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  • \$\begingroup\$ Interesting. Can you identify any situations where maintaining concentration on a spell that has no effects would matter? \$\endgroup\$ – Ceribia Apr 8 '17 at 7:28
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    \$\begingroup\$ @Ceribia The War Magic Wizard from a recent UA would be one. \$\endgroup\$ – Miniman Apr 8 '17 at 7:47
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The description of the witch bolt spell (PHB, p. 289) says:

On a hit, the target takes 1d12 lightning damage, and on each of your turns for the duration, you can use your action to deal 1d12 lightning damage to the target automatically.

The confusion lies in the handbook's lack of rules on what happens when a spell misses; it only addresses what happens "on a hit". It is assumed that, say in this case Witch Bolt, if the spell misses its effects don't trigger. So even if the spell has concentration, you can't concentrate on a spell that does have its effects trigger.

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This is not as clear cut as everyone is assuming. If we are believing that the rules of 5e are similar to that of MTG, then we must read each sentence as stating what it means, and not assume that two different sentences necessarily relate to each other. The phrase “you create a SUSTAINED arc of lightning” then there’s a period, as in, that happens. Then, once you have a sustained arc, the next sentence tells you to make an attack. The sustainment of the spell does not rely on the attack. It also gives two reasons for the spell to end, neither of which have anything to do with missing. I understand that a 1D12 for a level 1 spell does seem overpowered, which is what I assume is the deciding factor in people’s responses, but the text IS NOT CLEAR. As written.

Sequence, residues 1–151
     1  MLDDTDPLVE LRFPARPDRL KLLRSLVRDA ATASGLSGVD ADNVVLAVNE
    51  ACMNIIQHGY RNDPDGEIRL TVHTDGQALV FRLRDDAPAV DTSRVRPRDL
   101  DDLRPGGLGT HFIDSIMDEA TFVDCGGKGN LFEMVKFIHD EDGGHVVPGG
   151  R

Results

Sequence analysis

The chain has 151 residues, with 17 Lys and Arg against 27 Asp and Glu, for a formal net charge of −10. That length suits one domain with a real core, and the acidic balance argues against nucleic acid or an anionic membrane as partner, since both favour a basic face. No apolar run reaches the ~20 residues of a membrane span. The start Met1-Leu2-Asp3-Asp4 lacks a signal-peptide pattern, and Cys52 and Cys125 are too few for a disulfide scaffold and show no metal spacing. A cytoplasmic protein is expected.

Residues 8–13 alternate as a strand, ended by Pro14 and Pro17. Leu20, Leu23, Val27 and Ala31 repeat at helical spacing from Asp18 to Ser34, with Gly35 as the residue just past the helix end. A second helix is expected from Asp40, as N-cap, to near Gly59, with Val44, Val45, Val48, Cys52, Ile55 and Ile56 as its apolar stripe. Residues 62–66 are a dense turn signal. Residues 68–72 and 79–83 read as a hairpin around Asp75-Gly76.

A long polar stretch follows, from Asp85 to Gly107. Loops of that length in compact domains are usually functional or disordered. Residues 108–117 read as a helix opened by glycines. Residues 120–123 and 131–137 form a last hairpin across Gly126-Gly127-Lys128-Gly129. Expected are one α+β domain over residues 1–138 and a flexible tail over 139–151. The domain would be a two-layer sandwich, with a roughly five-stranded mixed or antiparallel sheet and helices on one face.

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    \$\begingroup\$ And what evidence do you have that would support a belief that the D&D 5e rules work anything at all like the MTG rules? \$\endgroup\$ – Purple Monkey Sep 18 at 5:25
  • \$\begingroup\$ You're right that the text isn't clear, but mentioning the MTG rules weakens your argument (they're not relevant at all), and "read each sentence as stating what it means" is generally a bad approach to apply to D&D 5e rules, which are written for ease of reading rather than technical precision. \$\endgroup\$ – Mark Wells Sep 18 at 16:17
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    \$\begingroup\$ The reason I say this is they are both owned by Wizards of the Coast, and 5e’s wording became more like MTG compared to other editions. \$\endgroup\$ – Gorm Drakul Sep 18 at 16:52
  • \$\begingroup\$ It's clear as a bell to someone who has never played MtG. FWIW, D&D 5e was created with, as a goal, pulling a lot of new players into the game/hobby. What is not a useful assumption is that a new player has, or should have, any familiarity with MtG, or even previous editions of D&D, as they get into the rules and learn how to play. (While I find your answer interesting, in terms of parsing rules text with some background information, it really does not fit into the 5e schema). \$\endgroup\$ – KorvinStarmast Sep 19 at 3:40
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    \$\begingroup\$ Whoops, sorry, where are my manners? Welcome to RPGSE. The tour and the help center are good guides to how this Q&A site works, which includes how to ask a good question and how to craft a good, well supported, answer. Hope you'll stick around. \$\endgroup\$ – KorvinStarmast Sep 19 at 13:38